Notre Dame de Lourdes (known in Turkish as the Bomonti Gürcü Katolik Kilisesi) is a Georgian Catholic church in the Feriköyneighborhood of Istanbul. Most Georgians being Orthodox Christians, there are not many Georgian Catholic churches in the world. Further, there were never many Georgians in Istanbul, and there are very few today. Thus the very existence of this church is twice surprising. Its continued use is also surprising. Most sources report that the congregation today is largely made up of Turks, though when I went to see the church I found an amicable group of Georgians inside.
The church was built in 1861 and extensively renovated in 1901. For further details on the church, as well as its place within the history of Georgian Catholicism, see this recent paper by Natia Natsvlishvili. It’s a very nice essay, and I don’t have much to add to it, so this post will contain mostly pictures of the church along with some comments.
Turkish — more specifically, the standard Turkish dialect of Istanbul — is a very boring-sounding language, at least superficially. What I mean by this is that it has no distinct, uniquely-identifying sounds. For example:
even if you don’t know any Russian, you can tell if people are speaking Russian because of its rampant palatalization (that is, its many y sounds, as in nyet);
Arabic is easily identifiable by its baffling array of throat sounds; and
Turkish has nothing like this. It’s a very generic blend of Southern European and Middle Eastern sounds, shorn of anything remarkable. The first time I went to Turkey, I was shocked by how uninteresting the language sounded.
I still feel that way to a great extent, but it turns out that there’s a little more to the sound of Turkish than can be heard by a casual listener, namely vowel harmony, a process whereby the vowels within a word match each other in certain qualities.
Sayat-Nova (Սայաթ-Նովա, საიათნოვა, Саят-Нова) was an Armenian troubadour poet and musician. He is an important figure in the history of Armenian literature, but he composed songs in all the major languages of the South Caucasus and maintained friendly relations with Georgians and Azeris. For this reason, it has become something of a cliche in writings about the South Caucasus to invoke Sayat-Nova as a symbol of peace and ethnic neighborliness. Besides his intrinsic importance, Sayat-Nova was also the quasi-subject of Sergei Parajanov’s brilliant film The Color of Pomegranates.
Sayat-Nova as portrayed by Georgian actress Sofiko Chiaureli in The Color of Pomegranates
The Armenian alphabet is an alphabet used mostly for writing the Armenian language, though it has occasionally been used for other languages. It looks strange to me, like a cross between the Georgian alphabet and the Arabic alphabet. I don’t know if there’s any objective sense in which individual Armenian letters are actually harder to read than Georgian ones, but because of its distinct upper and lower cases, Armenian writing as a whole is probably objectively harder to learn than Georgian.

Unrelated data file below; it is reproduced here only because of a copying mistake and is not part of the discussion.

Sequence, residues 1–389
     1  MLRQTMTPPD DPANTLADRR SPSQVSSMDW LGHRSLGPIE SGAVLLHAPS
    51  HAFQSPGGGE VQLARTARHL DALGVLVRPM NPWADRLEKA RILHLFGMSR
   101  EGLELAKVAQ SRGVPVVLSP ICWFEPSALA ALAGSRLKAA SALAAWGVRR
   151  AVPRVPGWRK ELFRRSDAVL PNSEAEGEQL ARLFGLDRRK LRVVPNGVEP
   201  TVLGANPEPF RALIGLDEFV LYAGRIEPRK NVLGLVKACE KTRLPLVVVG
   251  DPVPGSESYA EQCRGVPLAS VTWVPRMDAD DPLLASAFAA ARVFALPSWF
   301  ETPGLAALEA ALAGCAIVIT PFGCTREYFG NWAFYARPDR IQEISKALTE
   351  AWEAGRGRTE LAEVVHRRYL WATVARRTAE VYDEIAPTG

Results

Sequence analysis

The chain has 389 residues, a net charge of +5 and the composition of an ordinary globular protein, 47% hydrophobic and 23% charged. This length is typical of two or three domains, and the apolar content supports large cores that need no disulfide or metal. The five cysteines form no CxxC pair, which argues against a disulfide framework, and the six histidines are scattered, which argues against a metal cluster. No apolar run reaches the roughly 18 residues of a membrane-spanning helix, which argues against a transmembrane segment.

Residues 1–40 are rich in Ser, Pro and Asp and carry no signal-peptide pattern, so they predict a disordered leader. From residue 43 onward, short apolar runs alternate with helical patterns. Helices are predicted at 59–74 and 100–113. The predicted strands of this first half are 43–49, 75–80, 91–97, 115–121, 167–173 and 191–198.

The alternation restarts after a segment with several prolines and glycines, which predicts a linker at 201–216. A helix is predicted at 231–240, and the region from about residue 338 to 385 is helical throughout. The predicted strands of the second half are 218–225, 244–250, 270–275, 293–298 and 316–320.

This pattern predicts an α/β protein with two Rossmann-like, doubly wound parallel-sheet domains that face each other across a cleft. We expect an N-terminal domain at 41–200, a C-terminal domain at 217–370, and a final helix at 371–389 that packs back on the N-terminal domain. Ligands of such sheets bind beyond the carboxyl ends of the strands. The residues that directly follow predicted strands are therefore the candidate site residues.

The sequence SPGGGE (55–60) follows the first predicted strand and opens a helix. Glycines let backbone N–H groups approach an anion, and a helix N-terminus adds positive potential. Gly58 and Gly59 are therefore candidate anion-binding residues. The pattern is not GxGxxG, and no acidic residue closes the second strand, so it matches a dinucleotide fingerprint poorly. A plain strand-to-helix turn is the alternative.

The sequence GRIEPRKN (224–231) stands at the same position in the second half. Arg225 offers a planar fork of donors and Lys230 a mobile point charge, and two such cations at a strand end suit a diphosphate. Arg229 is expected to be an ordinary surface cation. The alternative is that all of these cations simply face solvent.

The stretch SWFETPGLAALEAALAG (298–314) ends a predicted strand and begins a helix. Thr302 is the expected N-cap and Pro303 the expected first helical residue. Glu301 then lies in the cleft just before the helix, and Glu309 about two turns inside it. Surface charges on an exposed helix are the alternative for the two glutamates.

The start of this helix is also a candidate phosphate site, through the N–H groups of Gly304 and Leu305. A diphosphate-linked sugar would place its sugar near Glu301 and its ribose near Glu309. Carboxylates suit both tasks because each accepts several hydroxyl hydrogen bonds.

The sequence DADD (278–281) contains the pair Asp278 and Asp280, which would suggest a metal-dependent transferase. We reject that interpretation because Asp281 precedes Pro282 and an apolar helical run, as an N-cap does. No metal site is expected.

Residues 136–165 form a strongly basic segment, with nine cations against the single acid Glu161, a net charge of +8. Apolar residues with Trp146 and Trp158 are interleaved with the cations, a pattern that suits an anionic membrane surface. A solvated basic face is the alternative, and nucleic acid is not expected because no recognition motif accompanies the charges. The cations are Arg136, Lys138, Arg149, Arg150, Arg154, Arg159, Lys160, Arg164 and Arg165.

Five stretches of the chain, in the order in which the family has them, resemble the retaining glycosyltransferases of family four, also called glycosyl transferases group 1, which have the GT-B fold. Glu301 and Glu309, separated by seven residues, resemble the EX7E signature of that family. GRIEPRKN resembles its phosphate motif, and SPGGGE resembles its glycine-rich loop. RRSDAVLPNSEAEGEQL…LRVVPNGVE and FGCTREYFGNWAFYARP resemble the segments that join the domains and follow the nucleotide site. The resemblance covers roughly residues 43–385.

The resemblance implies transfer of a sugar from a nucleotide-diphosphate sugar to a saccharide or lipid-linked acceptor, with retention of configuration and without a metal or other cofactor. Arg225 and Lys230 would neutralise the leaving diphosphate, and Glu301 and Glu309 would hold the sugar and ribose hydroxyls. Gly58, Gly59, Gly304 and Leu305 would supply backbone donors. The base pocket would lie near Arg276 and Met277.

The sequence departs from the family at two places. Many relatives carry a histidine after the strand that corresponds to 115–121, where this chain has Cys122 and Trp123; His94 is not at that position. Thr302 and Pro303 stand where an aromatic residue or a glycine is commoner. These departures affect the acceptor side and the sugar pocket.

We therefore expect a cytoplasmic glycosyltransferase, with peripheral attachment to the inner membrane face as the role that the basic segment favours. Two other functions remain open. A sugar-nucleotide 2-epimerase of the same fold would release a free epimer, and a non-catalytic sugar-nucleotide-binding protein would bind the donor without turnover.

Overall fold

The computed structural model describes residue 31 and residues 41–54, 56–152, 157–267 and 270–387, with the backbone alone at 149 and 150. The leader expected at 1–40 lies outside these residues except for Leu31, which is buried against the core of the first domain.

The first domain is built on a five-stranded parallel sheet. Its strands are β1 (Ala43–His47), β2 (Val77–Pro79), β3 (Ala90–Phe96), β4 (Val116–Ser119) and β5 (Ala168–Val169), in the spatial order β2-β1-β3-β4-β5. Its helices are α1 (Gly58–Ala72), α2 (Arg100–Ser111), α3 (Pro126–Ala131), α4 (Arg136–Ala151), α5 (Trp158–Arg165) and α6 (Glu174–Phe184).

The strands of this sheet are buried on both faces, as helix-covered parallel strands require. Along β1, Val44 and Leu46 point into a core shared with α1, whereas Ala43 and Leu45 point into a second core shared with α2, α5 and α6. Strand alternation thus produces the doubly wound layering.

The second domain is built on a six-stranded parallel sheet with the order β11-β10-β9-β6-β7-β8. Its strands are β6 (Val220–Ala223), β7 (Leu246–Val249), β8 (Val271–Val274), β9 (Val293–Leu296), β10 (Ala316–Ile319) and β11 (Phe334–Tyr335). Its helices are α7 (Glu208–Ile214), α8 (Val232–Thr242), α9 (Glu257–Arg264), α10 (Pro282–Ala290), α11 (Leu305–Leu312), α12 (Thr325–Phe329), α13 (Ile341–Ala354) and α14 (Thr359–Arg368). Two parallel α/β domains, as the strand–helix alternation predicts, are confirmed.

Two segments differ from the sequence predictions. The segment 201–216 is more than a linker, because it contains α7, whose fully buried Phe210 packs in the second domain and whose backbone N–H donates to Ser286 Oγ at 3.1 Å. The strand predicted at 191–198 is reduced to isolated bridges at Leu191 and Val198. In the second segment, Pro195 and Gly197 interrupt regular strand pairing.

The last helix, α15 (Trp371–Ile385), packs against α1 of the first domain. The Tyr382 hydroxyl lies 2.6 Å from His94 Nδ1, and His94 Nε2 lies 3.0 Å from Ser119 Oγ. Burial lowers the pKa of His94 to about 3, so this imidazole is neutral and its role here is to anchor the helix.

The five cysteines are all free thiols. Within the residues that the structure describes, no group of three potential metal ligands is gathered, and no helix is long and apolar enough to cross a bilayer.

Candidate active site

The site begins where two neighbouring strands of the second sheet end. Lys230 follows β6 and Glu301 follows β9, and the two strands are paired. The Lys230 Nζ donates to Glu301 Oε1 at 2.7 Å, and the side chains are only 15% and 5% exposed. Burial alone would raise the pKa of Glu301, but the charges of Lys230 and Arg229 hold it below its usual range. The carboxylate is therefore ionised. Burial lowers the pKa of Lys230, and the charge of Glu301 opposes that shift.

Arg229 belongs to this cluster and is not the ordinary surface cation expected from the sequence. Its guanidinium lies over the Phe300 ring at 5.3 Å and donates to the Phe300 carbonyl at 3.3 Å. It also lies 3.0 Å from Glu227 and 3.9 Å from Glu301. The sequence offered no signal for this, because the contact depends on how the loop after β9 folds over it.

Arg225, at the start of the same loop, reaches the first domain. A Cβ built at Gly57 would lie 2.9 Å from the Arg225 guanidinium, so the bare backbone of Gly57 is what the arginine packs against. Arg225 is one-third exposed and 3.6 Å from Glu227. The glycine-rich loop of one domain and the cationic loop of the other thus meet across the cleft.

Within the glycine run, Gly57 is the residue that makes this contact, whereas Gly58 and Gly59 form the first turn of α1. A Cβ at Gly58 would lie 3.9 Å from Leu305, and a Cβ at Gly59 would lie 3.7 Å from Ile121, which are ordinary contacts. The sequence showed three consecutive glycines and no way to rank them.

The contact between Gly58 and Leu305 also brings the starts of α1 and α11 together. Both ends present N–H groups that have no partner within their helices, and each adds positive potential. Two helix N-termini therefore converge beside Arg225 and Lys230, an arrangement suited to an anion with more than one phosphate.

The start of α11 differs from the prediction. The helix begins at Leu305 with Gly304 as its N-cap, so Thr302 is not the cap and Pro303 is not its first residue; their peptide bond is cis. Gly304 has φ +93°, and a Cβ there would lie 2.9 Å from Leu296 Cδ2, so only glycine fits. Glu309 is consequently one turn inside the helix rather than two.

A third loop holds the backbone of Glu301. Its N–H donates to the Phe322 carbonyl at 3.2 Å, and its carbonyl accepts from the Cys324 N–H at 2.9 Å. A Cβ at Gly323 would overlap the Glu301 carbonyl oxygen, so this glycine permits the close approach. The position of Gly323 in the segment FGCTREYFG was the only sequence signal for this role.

The Armenian alphabet with Eastern and Western transliterations (I think “fort” indicates aspiration rather than ejectivity)
Since the nineteenth century, the Georgian language has been significantly influenced by Russian. More recently, Georgian has begun to import words from English. Consequently, some Georgians are concerned about the “purity” of their language, and prescribe the use of “Georgian” words instead of “foreign” words. But some foreignisms offend the linguistic purist more than others. In this post I’ll give four categories of foreign words and phrases which are “foreign” and “native” to different degrees, with examples in both Georgian and English.
IMPORTANT UPDATE 4/20/14: New example added to Category III!
Azeri is a language spoken in Azerbaijan, Iran, Turkey, and Georgia. It is closely related to Turkish, and Turks and Azeris can generally understand each other without special accommodation. Indeed, there are dialects of Turkish spoken in eastern Anatolia that are closer to Azeri than they are to standard Istanbul Turkish. So it would not be amiss to say that Azeri is a dialect of Turkish. We might even go so far as to simply identify Azeri with Turkish. This is done in Iran, the northern part of which is home to more than half of the world’s Azeri speakers.
Iranian Azeris protesting for language rights (I think)
The Laz (Laz: lazepe, Georgian: lazebi or ch’anebi, Turkish: lazlar) are a Kartvelian people who live in Turkey. They used to live in western Georgia (first called Colchis and later Lazica), but beginning about 1,000 years ago were driven south. Today they inhabit what is sometimes called Lazistan (Laz: lazona, Georgian: lazeti or ch’aneti), a littoral strip of Turkey stretching from about Artvin in the east to Trabzon in the west.
I added the arrow because some readers were too lazy to find Lazistan. Get it?